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Implementation of Safeguards in the Islamic Republic of Iran
You have before you my report on Implementation of the NPT Safeguards Agreement and Relevant Provisions of Security Council Resolutions in the Islamic Republic of Iran. The Agency has continued to verify the non-diversion of declared nuclear material in Iran. However, there has been no movement on remaining issues of concern which need to be clarified for the Agency to verify the exclusively peaceful nature of IranÂ´s nuclear programme. It is now well over a year since the Agency was last able to engage Iran in discussions about these outstanding issues. We have effectively reached a dead end, unless Iran engages fully with us. It would help if we were able to share with Iran more of the material that is at the centre of these concerns. I also believe that prospects for a resolution of these outstanding issues would be enhanced by Iran implementing the Additional Protocol and by the initiation of the hoped for comprehensive dialogue between Iran and the international community.
In September, Iran informed the Agency that it had decided to construct a new pilot fuel enrichment plant. The Agency has since carried out design information verification at this plant - and verified that it is being built to contain sixteen cascades with a total of approximately 3000 centrifuges. The facility is at an advanced stage of construction and Iran plans to make it operational in 2011. Iran stated that construction of the plant was part of its efforts to protect sensitive nuclear activities against attack by using "passive defence systems."
IranÂ´s failure to notify the Agency of the existence of this facility until September 2009, rather than as soon as the decision to construct it or to authorize construction was taken, was inconsistent with its obligations under the Subsidiary Arrangements to its Safeguards Agreement. IranÂ´s late declaration of the new facility reduces confidence in the absence of other nuclear facilities under construction in Iran which have not been declared to the Agency.
As you may be aware, the Agency has been asked by Iran for assistance in providing fuel for the Tehran Research Reactor, which is used mainly to produce isotopes for medical purposes. After a positive response from the United States, Russia and France, a meeting was convened by the Agency in Vienna in October to discuss the principles and modalities of an Agency Project and Supply Agreement to provide such fuel. On the basis of the discussion at this meeting, I prepared a draft agreement to ship Iranian low enriched uranium for further enrichment in Russia and processing into fuel in France. In view of the degree of mutual mistrust, the draft agreement has extensive built-in guarantees, consisting of the Agency taking custody of the Iranian material until it is returned to Iran in the form of fuel, in addition to commitments by Russia, France and the United States to ensure that the agreement is implemented. Alternatively, I proposed that the LEU could be shipped to a third country such as Turkey, which has the confidence of all parties, and remain there under Agency custody until the reactor fuel is delivered to Iran.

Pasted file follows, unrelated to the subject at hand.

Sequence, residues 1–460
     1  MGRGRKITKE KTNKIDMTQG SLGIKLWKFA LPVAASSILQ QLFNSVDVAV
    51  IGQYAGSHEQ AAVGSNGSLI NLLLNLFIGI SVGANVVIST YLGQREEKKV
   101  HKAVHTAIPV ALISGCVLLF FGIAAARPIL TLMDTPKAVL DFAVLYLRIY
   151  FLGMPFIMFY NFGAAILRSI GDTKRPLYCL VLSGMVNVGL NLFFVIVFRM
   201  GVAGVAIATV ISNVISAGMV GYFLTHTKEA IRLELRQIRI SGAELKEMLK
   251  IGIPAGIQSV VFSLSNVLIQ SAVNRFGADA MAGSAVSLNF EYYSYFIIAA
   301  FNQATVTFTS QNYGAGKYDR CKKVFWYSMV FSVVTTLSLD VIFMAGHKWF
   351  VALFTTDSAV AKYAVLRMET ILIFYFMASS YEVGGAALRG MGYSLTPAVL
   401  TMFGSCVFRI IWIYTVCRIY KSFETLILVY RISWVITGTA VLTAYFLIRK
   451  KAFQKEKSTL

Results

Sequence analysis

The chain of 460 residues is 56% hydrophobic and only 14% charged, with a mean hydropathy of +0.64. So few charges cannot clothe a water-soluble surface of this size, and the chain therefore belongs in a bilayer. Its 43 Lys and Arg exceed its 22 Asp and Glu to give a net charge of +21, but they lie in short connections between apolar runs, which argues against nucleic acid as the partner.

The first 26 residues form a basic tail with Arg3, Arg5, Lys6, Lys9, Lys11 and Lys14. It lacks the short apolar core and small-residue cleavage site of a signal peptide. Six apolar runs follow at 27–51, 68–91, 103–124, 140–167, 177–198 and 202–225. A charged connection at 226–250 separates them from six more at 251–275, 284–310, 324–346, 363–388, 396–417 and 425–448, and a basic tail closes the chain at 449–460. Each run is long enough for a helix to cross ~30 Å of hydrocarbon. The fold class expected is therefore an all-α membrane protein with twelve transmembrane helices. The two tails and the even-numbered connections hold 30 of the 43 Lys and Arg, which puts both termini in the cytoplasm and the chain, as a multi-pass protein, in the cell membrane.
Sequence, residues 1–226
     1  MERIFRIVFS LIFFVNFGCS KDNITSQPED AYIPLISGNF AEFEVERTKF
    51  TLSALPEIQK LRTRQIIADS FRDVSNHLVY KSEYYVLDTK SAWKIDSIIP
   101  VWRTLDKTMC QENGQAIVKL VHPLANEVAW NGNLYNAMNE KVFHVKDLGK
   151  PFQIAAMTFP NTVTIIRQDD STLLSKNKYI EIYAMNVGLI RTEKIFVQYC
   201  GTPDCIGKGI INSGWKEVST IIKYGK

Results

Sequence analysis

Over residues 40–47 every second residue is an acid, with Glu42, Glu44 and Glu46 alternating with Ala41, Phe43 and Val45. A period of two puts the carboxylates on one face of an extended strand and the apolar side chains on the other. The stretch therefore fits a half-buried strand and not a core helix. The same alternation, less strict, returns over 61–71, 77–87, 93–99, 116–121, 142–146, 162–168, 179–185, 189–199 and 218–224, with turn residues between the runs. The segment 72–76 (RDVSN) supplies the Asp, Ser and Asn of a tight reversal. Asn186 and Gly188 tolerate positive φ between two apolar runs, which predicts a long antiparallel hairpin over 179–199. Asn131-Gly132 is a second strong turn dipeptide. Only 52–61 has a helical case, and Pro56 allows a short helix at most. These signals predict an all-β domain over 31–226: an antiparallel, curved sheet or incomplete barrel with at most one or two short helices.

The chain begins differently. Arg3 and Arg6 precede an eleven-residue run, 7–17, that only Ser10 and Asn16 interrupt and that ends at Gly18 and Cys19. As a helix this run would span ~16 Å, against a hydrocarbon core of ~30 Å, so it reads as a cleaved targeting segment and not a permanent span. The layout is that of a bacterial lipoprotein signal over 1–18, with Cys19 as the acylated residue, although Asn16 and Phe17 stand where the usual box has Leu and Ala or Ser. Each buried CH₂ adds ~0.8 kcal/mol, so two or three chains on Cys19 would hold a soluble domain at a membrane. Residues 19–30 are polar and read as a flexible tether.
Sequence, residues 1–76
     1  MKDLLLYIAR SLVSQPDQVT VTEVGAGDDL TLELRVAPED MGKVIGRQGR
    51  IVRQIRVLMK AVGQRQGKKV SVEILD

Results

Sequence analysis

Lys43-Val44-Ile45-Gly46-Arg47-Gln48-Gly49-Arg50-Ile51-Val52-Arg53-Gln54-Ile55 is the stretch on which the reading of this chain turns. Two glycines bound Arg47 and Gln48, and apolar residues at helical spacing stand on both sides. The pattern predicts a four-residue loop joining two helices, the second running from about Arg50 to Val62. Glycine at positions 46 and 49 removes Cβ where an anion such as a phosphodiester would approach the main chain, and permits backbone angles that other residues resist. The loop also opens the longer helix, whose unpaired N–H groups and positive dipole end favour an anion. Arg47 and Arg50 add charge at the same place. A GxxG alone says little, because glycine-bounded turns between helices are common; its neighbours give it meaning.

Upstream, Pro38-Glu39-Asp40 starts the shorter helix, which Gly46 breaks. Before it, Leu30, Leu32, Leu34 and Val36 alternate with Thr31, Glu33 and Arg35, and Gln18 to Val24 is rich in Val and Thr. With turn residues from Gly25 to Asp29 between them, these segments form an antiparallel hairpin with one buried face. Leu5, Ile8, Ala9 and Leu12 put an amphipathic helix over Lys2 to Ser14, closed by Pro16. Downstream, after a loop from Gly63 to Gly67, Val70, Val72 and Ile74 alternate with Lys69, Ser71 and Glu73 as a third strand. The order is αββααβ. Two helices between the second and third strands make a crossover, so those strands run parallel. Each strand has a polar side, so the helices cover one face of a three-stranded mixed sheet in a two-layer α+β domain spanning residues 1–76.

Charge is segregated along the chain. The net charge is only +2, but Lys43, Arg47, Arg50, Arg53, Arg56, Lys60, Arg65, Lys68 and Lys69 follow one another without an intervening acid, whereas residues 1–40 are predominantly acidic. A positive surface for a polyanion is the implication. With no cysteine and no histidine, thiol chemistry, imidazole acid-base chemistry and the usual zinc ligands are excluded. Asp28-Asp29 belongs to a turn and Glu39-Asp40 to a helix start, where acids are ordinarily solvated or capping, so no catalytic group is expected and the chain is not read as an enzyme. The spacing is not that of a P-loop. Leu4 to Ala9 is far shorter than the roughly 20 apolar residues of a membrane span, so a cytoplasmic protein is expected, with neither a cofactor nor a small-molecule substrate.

The proposed agreement, as originally drafted, was accepted by the United States, Russia and France. I am disappointed that Iran has not so far agreed to the original proposal or the alternative modalities, both of which I believe are balanced and fair and would greatly help to alleviate the concerns relating to IranÂ´s nuclear programme. My understanding of IranÂ´s position so far is that it is ready to exchange LEU produced in Iran, in two batches, simultaneously upon receipt of an equivalent amount of fuel for its research reactor. Pending receipt of the fuel, Iran is ready to place the LEU under IAEA custody and control, but only in Iran.
The proposed agreement is meant to ensure the continued operation of the Tehran Research Reactor and maintain its ability to produce medical isotopes so that cancer patients receive the treatment they need. Equally importantly, it would also help to bring about a shift away from confrontation towards cooperation and open the way for a broad dialogue between Iran and the international community. In my view, the proposed agreement represents a unique opportunity to address a humanitarian need and create space for negotiations. This opportunity should be seized and it would be highly regrettable if it was missed.
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